Superheroes, by their very nature, offer fans a chance larger-than-life escapism; especially young, impressionable readers that may be looking for a furlough from the tedium of their daily lives. But what if superheroes were not only real but abruptly collided into the lives of their fans, with all the earth-shattering danger they often confront following close behind? That's the premise of the latest Image Comics miniseries Olympia, by Curt Pires and Alex Diotto. The opening issue blends that superhero escapist action with small town, coming-of-age tropes that covers well-worn territory with its own fresh voice.
In a double-sized first issue, we meet Elon -- a young, unassuming wallflower of a kid growing up in a nondescript vision of small-town America. Spending his free time alone reading comic books about a cosmic god superhero named Olympian, Elon is shocked one night when the divine hero suddenly crashes through the sky right next to him through the apparent walls of reality. Faced with his favorite hero, Elon has to find a way to help the once-fictional character to recuperate while keeping knowledge of Olympian's arrival a secret from his parents and classmates before the situation inevitably escalates.
Pires conceived the initial story idea with his late father, and there's something oddly muted about Elon in the opening issue, likely in denial of a grave loss in his own personal life. This initial and intentional disaffection is clear throughout the issue, as Elon is relatively unfazed after quickly adjusting to Olympian's arrival and the bullying he endures at school by day. The series has been described as a meditation on hope and grief, and the opening issue wastes no time in establishing Elon as something as an outsider whose lethargy is apparent even in the face of his greatest hero's appearance.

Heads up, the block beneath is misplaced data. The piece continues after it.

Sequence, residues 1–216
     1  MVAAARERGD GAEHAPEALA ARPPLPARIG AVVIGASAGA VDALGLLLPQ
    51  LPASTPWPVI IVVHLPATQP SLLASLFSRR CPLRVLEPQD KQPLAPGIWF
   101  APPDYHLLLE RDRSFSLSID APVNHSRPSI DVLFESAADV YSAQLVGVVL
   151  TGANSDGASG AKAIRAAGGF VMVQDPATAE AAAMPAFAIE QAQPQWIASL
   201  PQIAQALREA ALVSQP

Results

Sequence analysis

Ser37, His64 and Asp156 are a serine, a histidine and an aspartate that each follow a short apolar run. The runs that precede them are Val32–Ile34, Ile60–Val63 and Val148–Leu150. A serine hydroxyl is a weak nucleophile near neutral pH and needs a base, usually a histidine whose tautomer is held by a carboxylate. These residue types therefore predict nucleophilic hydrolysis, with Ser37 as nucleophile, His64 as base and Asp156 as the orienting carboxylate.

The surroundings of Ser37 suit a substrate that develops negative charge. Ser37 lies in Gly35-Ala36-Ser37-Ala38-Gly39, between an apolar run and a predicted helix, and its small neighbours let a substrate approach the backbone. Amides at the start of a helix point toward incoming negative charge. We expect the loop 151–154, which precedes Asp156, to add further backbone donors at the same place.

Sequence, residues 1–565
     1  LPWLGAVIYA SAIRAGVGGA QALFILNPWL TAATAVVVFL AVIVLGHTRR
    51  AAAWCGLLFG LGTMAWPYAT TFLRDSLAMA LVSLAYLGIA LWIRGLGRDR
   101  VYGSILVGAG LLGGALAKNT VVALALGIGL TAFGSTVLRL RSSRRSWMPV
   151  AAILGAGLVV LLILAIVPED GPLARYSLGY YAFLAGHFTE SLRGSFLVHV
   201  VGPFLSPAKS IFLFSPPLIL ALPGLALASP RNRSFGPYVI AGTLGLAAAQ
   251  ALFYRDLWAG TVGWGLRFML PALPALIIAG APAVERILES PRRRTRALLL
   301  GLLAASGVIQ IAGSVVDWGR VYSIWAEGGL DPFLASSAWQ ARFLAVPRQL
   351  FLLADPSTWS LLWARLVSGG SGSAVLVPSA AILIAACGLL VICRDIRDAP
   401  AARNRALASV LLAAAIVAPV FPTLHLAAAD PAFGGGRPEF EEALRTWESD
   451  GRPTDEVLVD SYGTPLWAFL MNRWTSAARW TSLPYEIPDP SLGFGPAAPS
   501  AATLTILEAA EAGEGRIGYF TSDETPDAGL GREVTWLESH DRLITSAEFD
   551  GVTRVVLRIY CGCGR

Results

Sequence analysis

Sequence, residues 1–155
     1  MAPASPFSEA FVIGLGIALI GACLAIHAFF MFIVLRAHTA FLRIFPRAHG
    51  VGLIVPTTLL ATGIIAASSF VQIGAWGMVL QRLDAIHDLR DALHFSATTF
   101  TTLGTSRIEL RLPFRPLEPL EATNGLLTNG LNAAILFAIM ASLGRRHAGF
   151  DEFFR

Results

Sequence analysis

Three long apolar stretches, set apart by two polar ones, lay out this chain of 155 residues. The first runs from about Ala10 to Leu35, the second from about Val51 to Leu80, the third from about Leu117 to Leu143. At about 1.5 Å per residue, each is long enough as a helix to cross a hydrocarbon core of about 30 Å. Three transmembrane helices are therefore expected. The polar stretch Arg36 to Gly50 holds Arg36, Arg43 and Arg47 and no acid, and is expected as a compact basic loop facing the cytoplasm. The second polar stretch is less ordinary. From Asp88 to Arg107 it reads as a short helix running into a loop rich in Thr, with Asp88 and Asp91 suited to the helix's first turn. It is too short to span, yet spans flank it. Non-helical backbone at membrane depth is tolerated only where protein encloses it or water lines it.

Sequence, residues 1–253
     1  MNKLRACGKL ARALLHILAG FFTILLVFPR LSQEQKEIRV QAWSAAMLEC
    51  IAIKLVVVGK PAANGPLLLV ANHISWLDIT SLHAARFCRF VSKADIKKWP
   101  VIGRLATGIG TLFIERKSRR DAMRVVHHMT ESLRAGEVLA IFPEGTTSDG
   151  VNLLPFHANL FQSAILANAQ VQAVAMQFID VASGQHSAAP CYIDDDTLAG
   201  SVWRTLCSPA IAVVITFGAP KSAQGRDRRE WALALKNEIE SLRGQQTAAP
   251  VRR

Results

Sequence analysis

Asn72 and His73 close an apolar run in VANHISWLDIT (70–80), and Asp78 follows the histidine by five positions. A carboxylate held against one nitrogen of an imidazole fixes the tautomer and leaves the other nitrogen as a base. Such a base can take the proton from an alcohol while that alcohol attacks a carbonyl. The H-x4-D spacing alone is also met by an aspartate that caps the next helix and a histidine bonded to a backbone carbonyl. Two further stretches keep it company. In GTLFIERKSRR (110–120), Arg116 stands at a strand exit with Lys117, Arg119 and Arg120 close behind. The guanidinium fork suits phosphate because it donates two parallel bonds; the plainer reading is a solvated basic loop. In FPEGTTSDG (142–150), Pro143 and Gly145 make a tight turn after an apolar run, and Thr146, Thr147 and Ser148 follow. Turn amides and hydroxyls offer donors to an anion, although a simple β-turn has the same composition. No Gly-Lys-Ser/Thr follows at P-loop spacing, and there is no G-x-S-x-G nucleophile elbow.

The idea of schoolchildren stumbling across a familiar superhero in the woods is not necessarily a new idea, nor is it even a new concept to an Image title. However, that slow-simmering emotional catharsis under the surface is what sets Olympia apart from the other stories that utilize the tropes. And that isn't to say there isn't a biting sense of humor to it all; the titular superhero provides fish-out-of-water comedy while Pires has a strong handle on dialogue throughout, especially from Elon's sympathetic principal in his regular life.
Diotto, joined by colorist Dee Cunniffe, offers two different art styles in the first issue. For sequences set in the comic Elon is reading, the art team is clearly channeling the work of Jack Kirby, complete with deliberately aged comic pages to extend the verisimilitude visually. That said, their work here is very much a labor of love to King Kirby and draws readers in right from the first couple pages. Meanwhile, the sequences set in the real world mark a subtle shift, employing a more muted color palette to reinforce the realism and make Olympian's eventual appearance even more noteworthy, as he pops from the pages in which he appears.
Olympia doesn't necessarily bring anything new to the table, but that's not really the point either. Pires and Diotto have staked their own Stranger Things/E.T.-esque adventure as a teenage outsider stumbles across the fantastic. Intentionally detached from the outset, the miniseries has plenty of heart and humor to keep readers invested in its disaffected protagonist while weaving in classic comic book visuals harkening back to the medium's Silver Age to bring in a sense of colorful escapism to a muted world.
Olympia #1, by Alex Diotto, goes on sale Nov. 20 from Image Comics.